Article Text

Download PDFPDF

Factors predicting progression of gastric intestinal metaplasia: results of a randomised trial on Helicobacter pylori eradication
  1. W K Leung1,
  2. S-R Lin2,
  3. J Y L Ching1,
  4. K-F To3,
  5. E K W Ng4,
  6. F K L Chan1,
  7. J Y W Lau4,
  8. J J Y Sung1
  1. 1Department of Medicine and Therapeutics, The Chinese University of Hong Kong, Hong Kong, China
  2. 2Department of Gastroenterology, The Third Hospital of Peking University, Beijing, China
  3. 3Department of Anatomical and Cellular Pathology, The Chinese University of Hong Kong, Hong Kong, China
  4. 4Department of Surgery, Prince of Wales Hospital, The Chinese University of Hong Kong, Shatin, Hong Kong, China
  1. Correspondence to:
    Dr J Sung
    Department of Medicine and Therapeutics, Prince of Wales Hospital, 30-32, Ngan Shing Street, Shatin, Hong Kong;


Background and aim: Gastric intestinal metaplasia (IM) is generally considered to be a precancerous lesion in the gastric carcinogenesis cascade. This study identified the risk factors associated with progression of IM in a randomised control study.

Subjects and methods: A total of 587 Helicobacter pylori infected subjects were randomised to receive a one week course of anti-Helicobacter therapy (omeprazole, amoxicillin, and clarithromycin (OAC)) or placebo. Subjects underwent endoscopy with biopsy at baseline and at five years. Severity of IM was graded according to the updated Sydney classification and progression was defined as worsening of IM scores at five years in either the antrum or corpus, or development of neoplasia. Backward stepwise multiple logistic regression was used to identify independent risk factors associated with IM progression.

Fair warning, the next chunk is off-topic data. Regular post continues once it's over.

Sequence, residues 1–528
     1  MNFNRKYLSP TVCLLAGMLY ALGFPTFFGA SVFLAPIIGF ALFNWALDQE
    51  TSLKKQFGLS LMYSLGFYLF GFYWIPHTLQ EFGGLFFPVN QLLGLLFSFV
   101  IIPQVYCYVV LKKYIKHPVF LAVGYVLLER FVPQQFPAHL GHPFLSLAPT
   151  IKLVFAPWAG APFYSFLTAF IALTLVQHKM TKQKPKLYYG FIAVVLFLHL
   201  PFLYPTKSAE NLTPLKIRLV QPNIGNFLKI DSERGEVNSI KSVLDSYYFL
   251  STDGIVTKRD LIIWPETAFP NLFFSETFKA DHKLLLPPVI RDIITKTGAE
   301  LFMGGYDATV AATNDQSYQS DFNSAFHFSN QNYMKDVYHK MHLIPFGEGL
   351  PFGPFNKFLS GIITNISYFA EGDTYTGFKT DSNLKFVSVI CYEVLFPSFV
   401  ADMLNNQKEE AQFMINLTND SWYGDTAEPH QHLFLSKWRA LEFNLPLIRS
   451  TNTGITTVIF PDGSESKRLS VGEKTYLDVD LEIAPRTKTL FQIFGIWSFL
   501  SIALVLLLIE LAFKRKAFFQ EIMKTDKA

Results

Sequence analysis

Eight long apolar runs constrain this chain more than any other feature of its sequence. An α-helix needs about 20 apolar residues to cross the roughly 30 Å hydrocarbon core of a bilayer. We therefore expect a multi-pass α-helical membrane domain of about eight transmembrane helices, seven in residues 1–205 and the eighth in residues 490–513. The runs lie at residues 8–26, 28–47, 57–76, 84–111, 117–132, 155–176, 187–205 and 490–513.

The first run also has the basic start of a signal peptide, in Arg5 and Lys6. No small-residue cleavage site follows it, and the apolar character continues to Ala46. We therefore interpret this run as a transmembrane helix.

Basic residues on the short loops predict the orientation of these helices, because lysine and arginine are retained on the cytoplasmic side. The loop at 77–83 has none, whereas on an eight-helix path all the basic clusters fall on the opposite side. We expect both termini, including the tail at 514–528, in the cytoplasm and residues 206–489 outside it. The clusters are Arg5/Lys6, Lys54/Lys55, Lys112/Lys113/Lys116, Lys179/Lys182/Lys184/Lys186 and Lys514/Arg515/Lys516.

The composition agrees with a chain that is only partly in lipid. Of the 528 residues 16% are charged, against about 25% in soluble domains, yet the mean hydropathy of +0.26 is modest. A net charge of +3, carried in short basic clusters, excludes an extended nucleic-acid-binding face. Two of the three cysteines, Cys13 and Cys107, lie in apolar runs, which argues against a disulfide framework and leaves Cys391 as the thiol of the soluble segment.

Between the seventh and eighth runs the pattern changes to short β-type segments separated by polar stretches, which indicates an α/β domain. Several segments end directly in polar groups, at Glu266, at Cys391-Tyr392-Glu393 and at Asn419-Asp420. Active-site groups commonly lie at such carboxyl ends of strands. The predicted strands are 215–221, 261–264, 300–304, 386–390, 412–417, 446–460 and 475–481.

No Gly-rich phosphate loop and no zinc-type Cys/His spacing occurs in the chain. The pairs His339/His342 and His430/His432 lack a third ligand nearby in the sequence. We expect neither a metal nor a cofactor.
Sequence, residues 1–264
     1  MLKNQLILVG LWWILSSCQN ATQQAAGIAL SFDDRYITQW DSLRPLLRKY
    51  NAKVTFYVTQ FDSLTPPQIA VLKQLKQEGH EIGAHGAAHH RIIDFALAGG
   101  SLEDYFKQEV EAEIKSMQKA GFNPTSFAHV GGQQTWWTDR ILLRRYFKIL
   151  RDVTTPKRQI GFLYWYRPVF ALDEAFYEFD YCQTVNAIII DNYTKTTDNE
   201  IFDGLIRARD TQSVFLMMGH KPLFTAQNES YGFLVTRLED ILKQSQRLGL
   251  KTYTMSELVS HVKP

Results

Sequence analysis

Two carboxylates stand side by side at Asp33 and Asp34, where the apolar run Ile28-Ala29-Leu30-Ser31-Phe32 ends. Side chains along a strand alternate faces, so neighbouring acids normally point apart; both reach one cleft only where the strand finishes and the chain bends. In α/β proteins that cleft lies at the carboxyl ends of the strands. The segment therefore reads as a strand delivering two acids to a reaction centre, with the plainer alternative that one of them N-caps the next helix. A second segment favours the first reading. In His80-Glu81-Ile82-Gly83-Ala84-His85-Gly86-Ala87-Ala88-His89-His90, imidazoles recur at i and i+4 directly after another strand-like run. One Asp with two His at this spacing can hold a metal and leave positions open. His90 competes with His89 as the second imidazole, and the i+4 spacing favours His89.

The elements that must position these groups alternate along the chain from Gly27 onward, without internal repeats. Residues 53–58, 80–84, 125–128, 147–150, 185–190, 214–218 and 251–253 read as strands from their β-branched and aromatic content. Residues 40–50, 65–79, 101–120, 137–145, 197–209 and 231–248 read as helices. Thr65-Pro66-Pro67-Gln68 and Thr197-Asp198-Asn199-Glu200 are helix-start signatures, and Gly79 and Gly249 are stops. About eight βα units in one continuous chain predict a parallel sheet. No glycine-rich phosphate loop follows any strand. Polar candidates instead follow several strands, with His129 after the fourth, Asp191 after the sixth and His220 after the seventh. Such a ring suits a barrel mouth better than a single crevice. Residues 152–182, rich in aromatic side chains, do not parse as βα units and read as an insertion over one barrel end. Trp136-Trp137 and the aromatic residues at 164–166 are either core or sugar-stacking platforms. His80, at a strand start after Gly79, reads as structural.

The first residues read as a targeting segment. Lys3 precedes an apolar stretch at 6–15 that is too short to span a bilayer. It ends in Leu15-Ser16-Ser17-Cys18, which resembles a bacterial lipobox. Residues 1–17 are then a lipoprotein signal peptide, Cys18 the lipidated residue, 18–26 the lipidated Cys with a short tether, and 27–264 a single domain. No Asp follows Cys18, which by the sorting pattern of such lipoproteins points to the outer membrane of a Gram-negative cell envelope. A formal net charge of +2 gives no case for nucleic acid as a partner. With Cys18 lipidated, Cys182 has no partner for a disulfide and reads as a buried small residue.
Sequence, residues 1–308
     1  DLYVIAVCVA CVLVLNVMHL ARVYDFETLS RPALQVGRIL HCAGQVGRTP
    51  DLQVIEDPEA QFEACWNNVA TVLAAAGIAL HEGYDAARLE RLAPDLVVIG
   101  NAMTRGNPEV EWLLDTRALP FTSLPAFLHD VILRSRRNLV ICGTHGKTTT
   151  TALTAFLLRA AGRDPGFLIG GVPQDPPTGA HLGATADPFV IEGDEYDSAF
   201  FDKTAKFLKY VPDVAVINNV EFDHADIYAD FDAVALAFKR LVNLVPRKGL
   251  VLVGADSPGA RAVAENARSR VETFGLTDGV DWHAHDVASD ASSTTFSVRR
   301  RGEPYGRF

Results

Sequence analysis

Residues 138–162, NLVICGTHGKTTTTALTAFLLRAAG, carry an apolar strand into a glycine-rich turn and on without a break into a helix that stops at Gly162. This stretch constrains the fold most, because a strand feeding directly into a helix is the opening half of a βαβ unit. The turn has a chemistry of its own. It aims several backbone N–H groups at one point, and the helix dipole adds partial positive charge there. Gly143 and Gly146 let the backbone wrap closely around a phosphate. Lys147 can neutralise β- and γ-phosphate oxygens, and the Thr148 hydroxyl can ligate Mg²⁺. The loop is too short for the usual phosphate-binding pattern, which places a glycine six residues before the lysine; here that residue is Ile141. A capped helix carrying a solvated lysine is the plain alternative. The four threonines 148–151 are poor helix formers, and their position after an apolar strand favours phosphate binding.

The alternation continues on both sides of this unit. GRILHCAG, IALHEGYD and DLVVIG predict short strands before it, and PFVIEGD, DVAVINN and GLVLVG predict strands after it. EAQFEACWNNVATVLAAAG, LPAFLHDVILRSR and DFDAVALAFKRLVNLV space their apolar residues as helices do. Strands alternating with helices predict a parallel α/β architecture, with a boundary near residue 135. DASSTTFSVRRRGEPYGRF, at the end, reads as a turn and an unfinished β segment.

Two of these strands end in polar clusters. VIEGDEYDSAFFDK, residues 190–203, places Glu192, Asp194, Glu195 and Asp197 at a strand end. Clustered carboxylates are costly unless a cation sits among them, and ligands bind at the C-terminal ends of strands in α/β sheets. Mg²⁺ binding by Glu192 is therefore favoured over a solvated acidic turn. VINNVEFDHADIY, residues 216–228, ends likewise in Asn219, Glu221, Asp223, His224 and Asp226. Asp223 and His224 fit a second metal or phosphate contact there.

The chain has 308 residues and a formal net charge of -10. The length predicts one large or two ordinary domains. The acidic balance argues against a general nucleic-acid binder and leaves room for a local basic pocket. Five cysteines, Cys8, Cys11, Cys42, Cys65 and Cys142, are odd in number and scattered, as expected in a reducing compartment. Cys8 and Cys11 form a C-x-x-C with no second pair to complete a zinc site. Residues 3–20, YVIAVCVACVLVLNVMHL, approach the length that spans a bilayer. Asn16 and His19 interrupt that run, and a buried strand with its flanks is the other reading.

Results: Of 435 subjects (220 in the OAC and 215 in the placebo group) available for analysis, 10 developed gastric cancer and three had dysplasia. Overall progression of IM was noted in 52.9% of subjects. Univariate analysis showed that persistent H pylori infection, age >45 years, male subjects, alcohol use, and drinking water from a well were significantly associated with IM progression. Duodenal ulcer and OAC treatment were associated with a reduced risk of histological progression. Progression of IM was more frequent in those with more extensive and more severe IM at baseline. With multiple logistic regression, duodenal ulcer (odds ratio (OR) 0.23 (95% confidence interval (CI) 0.09–0.58)) was found to be an independent protective factor against IM progression. Conversely, persistent H pylori infection (OR 2.13 (95% CI 1.41–3.24)), age >45 years (OR 1.92 (95% CI 1.18–3.11)), alcohol use (OR 1.67 (95% CI 1.07–2.62)), and drinking water from a well (OR 1.74 (95% CI 1.13–2.67)) were independent risk factors associated with IM progression.

Conclusion: Eradication of H pylori is protective against progression of premalignant gastric lesions.

  • IM, intestinal metaplasia
  • GA, glandular atrophy
  • OAC, omeprazole, amoxicillin, and clarithromycin
  • OR, odds ratio
  • intestinal metaplasia
  • randomised trial
  • Helicobacter pylori
  • gastric cancer
  • prevention
View Full Text

Statistics from


    Request Permissions

    If you wish to reuse any or all of this article please use the link below which will take you to the Copyright Clearance Center’s RightsLink service. You will be able to get a quick price and instant permission to reuse the content in many different ways.

    Linked Articles